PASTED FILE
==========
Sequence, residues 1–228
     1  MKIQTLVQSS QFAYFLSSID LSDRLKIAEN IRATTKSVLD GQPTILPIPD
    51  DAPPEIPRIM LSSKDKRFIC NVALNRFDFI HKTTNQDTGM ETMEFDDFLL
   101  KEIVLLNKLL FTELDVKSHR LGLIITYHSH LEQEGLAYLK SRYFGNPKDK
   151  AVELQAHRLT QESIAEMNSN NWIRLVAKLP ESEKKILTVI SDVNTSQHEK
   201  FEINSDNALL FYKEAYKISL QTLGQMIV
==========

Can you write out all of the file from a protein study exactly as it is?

Sequence, residues 1–228
     1  MKIQTLVQSS QFAYFLSSID LSDRLKIAEN IRATTKSVLD GQPTILPIPD
    51  DAPPEIPRIM LSSKDKRFIC NVALNRFDFI HKTTNQDTGM ETMEFDDFLL
   101  KEIVLLNKLL FTELDVKSHR LGLIITYHSH LEQEGLAYLK SRYFGNPKDK
   151  AVELQAHRLT QESIAEMNSN NWIRLVAKLP ESEKKILTVI SDVNTSQHEK
   201  FEINSDNALL FYKEAYKISL QTLGQMIV